• chrisdumigan

Göran Söllscher : Eleven –String Baroque : CD



WEISS : Passacaille in D Major; Tombeau Sur La Mort De Mr. Comte De Logy (1721) In B Flat Minor - Adagio : PACHELBEL : Suite for lute in F#m :KELLNER : Fantasia in F Major: J.S. BACH : Air from Orchestral Suite No3 in D Major BWV 1068; Sonata No1 for solo violin in Gm BWV 1001; Menuet In G Major and Menuet In G Minor, ( Second Notebook For Anna Magdalena Bach, BWV Anhang 114 & 115): ROMAN: Andante from Assagio No1;Bourree from Assagio No2: BARON: Aria from Sonata for Lute in Bb Major: COUPERIN : Les Baricades Mistérieuses In B Flat Major, From The Second Book For Harpsichord Pieces : LOGY: Suite in G Major:


Göran Söllscher: Eleven string guitar

Deutsche Grammophon : 474 815 – 2


Swedish guitarist Göran Söllscher, a world – class musician, known for his playing of the 11 –string classical guitar with its 5 extra basses has here produced a masterfully performed and sensitively recorded recital. The eleven string guitar of course is a much more able instrument to play the music written originally for the 11 and 13 course baroque lute, as is the case with a lot of the music here for playing for example the music of Silvius Leopold Weiss on a 6 – string guitar, in my view simply does not work, as the last octave is simply non – existent on our beloved instrument. His opening Passacaille sounds a lot more comfortable on the 11 – string, ( of course without the double strung sound of the Baroque lute , but then I am a touch biased about that gorgeous instrument , which I did once many years ago own a copy of, but REALLY couldn’t play it , unfortunately !) The rich and close recording does the wonderful piece full justice. The Pachelbel Suite in F#m is in four movements, that being the classic Allemande Courante Sarabande and Gigue and is quite a surprise, only knowing the ‘Canon’ .I had no knowledge of any lute works at all, and so this elegant suite is a real find. It seems beautifully written for the instrument and I wonder why I have not come across it before? The Kellner Fantasia in F Major begins with a very typical arpeggio pattern that momentarily moves into a canon before returning to its arpeggiation, and closing there. It was surprisingly short. Then the famous Air on a G String, to give it its popular name appears and sounds very apt in this arrangement. After that the Menuet in G is one of THOSE tunes that if you think you don’t know the work from its title, and then you absolutely will, with its lovely tune some great harmonies and a nice performance all round. Then comes the heavyweight piece of perhaps the whole recording, the mammoth Violin Sonata No1 in Gm by JSB. Never an easy work by any standards, Söllscher has the right amount of gravitas in the opening Adagio before the famous Fuga enters at quite a speed, one that many would not attempt, and I have several recordings of players that don’t try it at that speed. Having said that, the parts are all effortlessly clear and it does all work exceedingly well with a bit more speed. The Siciliano is stately, with some lovely low bass runs that really show off the 11 string. The final Presto is exactly that, a fact that dos not trouble Söllscher for a moment. Roman’s two Assagios (a word that apparently means ‘taste’, a musical term that is new to me) are small in stature, but very pleasant, if a little insubstantial. Baron’s Aria from his lute suite flows nicely and sounds as if the whole suite would be worth hearing. The arrangement of Couperin’s piece originally for harpsichord sounds fine in its new guise, and certainly sounds as if it could have been written for the lute. Logy’s 4 – movement Suite, consists of an Allemande, Courante, Menuet and a Gigue and is a nice piece, but doesn’t reach the heights in my opinion that some of the other works do. The album closes on a high the wonderful Tombeau sur la mort de Mr. Comte de Logy in Bbm of Silvius Weiss, a wonderful piece of writing that would probably sound great on any instrument it was played on, such is its beauty. Here it makes for a lovely dignified close to an album of top – class performances, very clear recordings of a beautiful instrument, and only one or two pieces that seemed a little ordinary. The rest are well worth the effort and if you have never tried an album of guitar music with these lower strings, then get this fine album and you won’t be disappointed at all.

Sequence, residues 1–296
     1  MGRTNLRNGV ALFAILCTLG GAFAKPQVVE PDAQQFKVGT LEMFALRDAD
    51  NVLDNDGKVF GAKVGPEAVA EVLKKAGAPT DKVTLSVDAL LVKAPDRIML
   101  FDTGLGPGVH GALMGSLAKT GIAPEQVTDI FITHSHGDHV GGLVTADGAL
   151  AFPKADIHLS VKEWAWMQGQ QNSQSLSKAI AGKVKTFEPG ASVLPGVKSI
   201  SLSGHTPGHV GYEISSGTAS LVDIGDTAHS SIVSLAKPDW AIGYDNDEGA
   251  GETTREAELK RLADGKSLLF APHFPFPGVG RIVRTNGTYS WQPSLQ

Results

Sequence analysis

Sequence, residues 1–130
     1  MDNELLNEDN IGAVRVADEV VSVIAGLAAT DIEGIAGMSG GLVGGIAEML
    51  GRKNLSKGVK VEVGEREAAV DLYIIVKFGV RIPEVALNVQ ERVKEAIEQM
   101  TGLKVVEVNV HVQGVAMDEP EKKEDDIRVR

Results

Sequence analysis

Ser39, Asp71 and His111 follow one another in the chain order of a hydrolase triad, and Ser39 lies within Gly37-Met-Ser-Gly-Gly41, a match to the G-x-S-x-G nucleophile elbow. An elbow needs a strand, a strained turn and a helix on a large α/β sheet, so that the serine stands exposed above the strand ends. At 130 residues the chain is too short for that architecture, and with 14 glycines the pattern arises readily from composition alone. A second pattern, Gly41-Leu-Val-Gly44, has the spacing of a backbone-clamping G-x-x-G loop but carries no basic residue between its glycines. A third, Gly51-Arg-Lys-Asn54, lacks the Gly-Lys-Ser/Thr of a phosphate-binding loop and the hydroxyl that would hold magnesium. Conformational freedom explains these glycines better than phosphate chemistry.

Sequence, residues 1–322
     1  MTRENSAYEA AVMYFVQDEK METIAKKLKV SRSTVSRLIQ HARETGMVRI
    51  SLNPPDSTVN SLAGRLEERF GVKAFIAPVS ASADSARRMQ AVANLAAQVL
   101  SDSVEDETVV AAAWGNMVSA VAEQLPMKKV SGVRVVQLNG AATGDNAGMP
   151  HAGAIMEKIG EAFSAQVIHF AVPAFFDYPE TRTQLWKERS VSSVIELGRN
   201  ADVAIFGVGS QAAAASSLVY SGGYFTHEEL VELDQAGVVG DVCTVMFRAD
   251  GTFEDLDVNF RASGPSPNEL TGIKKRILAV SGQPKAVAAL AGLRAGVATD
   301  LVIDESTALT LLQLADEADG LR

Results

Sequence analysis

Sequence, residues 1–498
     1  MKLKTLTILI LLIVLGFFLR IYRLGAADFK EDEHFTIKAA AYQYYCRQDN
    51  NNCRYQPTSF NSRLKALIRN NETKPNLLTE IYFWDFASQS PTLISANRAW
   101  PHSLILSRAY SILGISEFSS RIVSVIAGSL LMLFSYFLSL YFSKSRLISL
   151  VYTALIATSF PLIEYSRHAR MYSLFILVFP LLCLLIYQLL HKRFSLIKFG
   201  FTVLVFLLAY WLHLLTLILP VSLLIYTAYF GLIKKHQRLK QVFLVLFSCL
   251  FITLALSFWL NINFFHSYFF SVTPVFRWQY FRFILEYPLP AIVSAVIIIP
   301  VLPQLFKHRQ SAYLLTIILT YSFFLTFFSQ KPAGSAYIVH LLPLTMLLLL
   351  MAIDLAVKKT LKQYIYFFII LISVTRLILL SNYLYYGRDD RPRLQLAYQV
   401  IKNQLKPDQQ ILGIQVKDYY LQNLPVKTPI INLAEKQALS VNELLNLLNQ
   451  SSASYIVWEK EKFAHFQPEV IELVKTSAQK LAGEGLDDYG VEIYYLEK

Chris Dumigan





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